to make bits or flakes break off from the whole. The sculptor flaked bits of stone off the block, but you could not yet see what the block was going to become. She flaked off a little more.
See also: flake, of, off

flake out

1. Drop from exhaustion, faint. For example, After running the marathon, be simply flaked out on the ground. This expression possibly is derived from a now obsolete meaning of flake, "to become flabby or fall in folds." [Slang; c. 1940]
2. Lie down, go to sleep, as in Homeless persons flaked out in doorways. [Slang; early 1940s]
3. Lose one's nerve, as in Please don't flake out now. [Slang; 1950s]
4. Go crazy; also, cause someone to go crazy. For example, She just flaked out and we had to call an ambulance, or This project is flaking us out. The usages in def. 3 and 4 probably are derived from the adjective flaky, meaning "eccentric." [c. 1970]
5. Die, as in He flaked out last night. [1960s]
6. Surprise, astonish, as in She said she'd just been made a partner, and that flaked me out. This usage appears to be a variant of freak out. [c. 1970]
See also: flake, out

flake off

1. To break away from a surface in small, flat pieces: Rust is flaking off of the old pipes. Paint chips are flaking off from the ceiling.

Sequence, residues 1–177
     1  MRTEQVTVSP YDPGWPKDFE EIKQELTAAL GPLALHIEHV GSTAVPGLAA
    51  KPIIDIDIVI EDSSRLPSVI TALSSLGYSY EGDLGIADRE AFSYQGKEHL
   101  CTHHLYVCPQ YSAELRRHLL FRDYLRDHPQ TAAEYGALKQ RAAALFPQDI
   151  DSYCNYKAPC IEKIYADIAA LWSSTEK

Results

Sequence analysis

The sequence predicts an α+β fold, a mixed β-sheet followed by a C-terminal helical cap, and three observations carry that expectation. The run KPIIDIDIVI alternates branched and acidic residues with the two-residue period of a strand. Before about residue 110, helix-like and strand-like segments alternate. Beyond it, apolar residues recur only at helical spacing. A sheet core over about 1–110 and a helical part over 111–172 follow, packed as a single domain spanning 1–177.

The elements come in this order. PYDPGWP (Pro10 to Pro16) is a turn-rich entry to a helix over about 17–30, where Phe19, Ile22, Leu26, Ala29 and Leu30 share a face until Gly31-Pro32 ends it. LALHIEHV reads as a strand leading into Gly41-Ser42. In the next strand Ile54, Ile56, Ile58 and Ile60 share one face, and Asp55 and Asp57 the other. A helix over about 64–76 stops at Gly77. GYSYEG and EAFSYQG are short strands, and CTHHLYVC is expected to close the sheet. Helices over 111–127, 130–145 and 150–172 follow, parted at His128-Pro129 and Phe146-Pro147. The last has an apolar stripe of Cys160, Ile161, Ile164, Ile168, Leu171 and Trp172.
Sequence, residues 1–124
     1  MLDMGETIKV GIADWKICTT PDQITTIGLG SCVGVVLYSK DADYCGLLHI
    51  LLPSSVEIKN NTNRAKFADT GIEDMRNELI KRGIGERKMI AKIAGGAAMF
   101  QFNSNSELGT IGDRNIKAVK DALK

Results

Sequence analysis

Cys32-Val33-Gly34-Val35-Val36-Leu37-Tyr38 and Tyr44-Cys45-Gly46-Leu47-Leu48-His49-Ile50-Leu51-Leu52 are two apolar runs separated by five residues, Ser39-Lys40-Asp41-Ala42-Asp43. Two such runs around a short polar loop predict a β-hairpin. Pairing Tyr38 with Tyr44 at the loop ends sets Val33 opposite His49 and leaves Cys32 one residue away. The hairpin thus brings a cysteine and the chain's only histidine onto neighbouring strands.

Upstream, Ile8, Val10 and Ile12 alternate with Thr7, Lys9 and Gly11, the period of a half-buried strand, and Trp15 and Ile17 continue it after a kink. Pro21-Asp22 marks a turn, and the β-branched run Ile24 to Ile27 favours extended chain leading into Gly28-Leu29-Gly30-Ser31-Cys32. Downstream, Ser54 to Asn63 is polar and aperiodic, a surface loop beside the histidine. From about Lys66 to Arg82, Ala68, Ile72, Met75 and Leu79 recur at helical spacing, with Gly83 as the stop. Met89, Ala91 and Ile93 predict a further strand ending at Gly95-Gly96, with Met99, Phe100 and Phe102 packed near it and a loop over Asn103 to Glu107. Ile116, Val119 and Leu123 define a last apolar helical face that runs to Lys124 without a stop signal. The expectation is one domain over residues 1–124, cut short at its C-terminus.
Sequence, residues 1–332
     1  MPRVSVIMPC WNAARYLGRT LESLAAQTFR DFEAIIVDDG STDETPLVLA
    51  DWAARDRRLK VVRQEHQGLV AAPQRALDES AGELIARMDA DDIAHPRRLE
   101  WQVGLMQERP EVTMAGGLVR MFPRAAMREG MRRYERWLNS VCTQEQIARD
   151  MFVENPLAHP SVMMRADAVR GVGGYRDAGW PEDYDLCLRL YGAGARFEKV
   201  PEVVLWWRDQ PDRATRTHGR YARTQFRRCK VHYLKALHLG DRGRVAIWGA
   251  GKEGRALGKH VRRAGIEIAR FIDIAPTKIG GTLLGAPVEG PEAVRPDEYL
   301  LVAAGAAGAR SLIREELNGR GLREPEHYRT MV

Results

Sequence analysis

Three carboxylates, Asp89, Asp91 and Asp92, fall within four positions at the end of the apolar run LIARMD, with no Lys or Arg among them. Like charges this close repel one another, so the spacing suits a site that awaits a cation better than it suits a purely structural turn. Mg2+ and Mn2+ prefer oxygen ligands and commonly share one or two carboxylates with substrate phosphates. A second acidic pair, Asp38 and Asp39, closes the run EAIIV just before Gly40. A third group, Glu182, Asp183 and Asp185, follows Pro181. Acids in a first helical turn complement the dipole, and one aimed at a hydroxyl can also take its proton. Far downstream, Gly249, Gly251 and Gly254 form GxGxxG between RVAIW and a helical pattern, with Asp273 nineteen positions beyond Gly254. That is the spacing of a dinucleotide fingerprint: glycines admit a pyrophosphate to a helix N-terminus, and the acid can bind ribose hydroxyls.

2. Slang To fail to do something out of lack of interest; blow something off: Last night I flaked off doing the dishes because I was tired.
See also: flake, off

flake out

v. Slang
1. To act oddly or eccentrically: I flaked out after hearing the bad news.
2. To lose interest or nerve: We wanted to go skydiving, but at the last minute we flaked out.
3. To fall asleep or collapse from fatigue or exhaustion: After driving for ten hours, I stopped and flaked out.
4. To fail to live up to an expectation or responsibility: I wouldn't have assigned you such an important task if I knew you were going to flake out like that. My contractor flaked out on me, and now I need to find a new one.
See also: flake, out


and (flake) spoon
n. a small spoon used to carry powdered cocaine to a nostril. (Drugs.) The principal wrote a letter to Mrs. Simpson telling her that Jimmy had brought a cokespoon to school. She used an old-fashioned flake spoon right until she died.

flake spoon

See also: flake, spoon

flack (out)

in. to collapse in exhaustion; to go to sleep. Betsy flacked out at nine every night.
See also: flack, out


1. n. a person who acts silly or giddy. Sally is such a flake!
2. n. a medicinal form of crystallized cocaine. (Drugs. Similar to crack.) Where can I get some flake around here?
3. tv. [for the police] to place drugs or traces of drugs on a person during an arrest. (Underworld. The person is then charged with possession of drugs.) That’s not mine! You flaked me!